mushroom management

The Tragedy of Mushroom Management and Keeping Employees in the Dark

To stay relevant in today’s business, you have to cherish the ability to quickly change the course. Achieving that promptly and effectively is only possible when the workforce is on the same page with its management. Effectively communicating the information to employees is critical for innovation, customer service, skilled workforce retention, and, ultimately, change. This kind of communication needs to be second nature.

It’s Never Too Much of Communication

Notably, when employees are anonymously asked about what their executives could have been doing better, in up to 70% of the cases the answer is “Communicating”. Considering the broad selection of available communication means like cell-phones, emails, assistants, voice & video messaging — such a drastic decline in communication seems almost ironic. It would have been funny if it wasn’t so sad really as, somehow, with the number of communication tools increasing, the quality of communication is going down.

Take a look at the fate of UPS in 1998. As a result of the employee strike, the company lost $700 million in revenue. Its trust, credibility, and reputation among employees also took a hit. Atlanta HR Director later argued that UPS could have done a better job communicating its goals, especially during negotiations; he followed up with a conclusion that no one came out as a winner. Two lessons can be drawn from the UPS employee strike situation.

First, employees did not have the full understanding of the benefits they’ve already had. This only intensified the confusion and resulted in employee strike. If the company was better at communicating, the confusion could have been eliminated.

Second, communication cannot be underestimated during the negotiation process. In an attempt to prevent even more confusion, UPS chose to keep the info on a tight leash. Big mistake. This led to a loyal workforce feeling betrayed and unappreciated, which ultimately resulted in them walking away from the job. The lack of information had an opposite effect — betrayal, resentment, disappointment, confusion, legal action and a blow to revenues.

Lesson learned. Never assume people know what you expect them to know. You will be better off over-communicating.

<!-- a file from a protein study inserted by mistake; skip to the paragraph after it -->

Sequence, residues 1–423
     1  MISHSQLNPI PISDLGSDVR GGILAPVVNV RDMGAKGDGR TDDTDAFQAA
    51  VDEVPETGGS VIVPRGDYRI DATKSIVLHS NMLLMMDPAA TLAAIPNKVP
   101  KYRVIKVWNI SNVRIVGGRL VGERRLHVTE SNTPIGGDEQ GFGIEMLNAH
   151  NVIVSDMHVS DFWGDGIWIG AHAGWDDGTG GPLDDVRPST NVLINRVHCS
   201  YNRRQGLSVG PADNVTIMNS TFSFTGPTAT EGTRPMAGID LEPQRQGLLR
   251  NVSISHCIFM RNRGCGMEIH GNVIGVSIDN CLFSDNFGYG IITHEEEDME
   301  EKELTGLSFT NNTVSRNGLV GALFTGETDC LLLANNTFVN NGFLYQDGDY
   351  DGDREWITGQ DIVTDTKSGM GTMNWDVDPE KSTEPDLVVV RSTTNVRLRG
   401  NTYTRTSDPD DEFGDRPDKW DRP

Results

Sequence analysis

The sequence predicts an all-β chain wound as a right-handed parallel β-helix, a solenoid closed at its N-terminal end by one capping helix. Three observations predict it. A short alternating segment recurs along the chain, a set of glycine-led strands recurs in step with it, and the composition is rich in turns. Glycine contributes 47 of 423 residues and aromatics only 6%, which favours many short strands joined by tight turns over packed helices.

The Two Types of Access in Organizations

Great communication is the main ingredient for the creation of a high-retention environment in an organization. However, when you break it down, at the core, it is all about access. Based on that, you can really divide all organizations into two basic types — they are either low or high access.

A low-access organization is characterized by restricted access to information. The flow of communication is clogged and obstructed. Typically, people in organizations like these are left in the dark — like mushrooms — overly-secured and strained by the harsh job descriptions, ranking, and hierarchical position. With this kind of environment in place, it is no wonder that low-access organizations have much greater difficulty responding to change, being flexible with their customers, or generally adopting the characteristics of a modern workplace.

On the other end of the spectrum, organizations with high-access are characterized by the attainability of information which is being shared to the maximum extent. Having more insight enables employees to better adapt to change in customer needs and respond to the ever-changing environment. High-access organizations are easily distinguished by their commitment to open communication.

Spotting Low-Access Organizations

  • Low-access organizations are rules-heavy. Such organizations have their focus shifted from the people culture to a regulatory-based system stacked full of rules, policies, and regulations.
  • In low-access organizations the decision-making process is centralized.
  • The way reward systems are designed leaves area for little to no change or initiative. And as already mentioned, decisions are made top-down, which makes approving changes even more difficult. As a result, mistakes become extremely difficult to fix.
  • Change is unwelcome. Such organizations do their best to resist any change. In cases with low-access organizations only a crisis, a threat, or any other disaster can force a change to happen.
  • Everything is “compartmentalized”. Organizations with a strong hierarchical structure often have an expert for everything.
  • The worst trait of low-access organizations is the fact that most of them are an embodiment of a caste system. They are a hierarchy, everything is top-down, roles are dictated, and communication is layered with restrictions in place. Ranks and positions are of paramount importance here.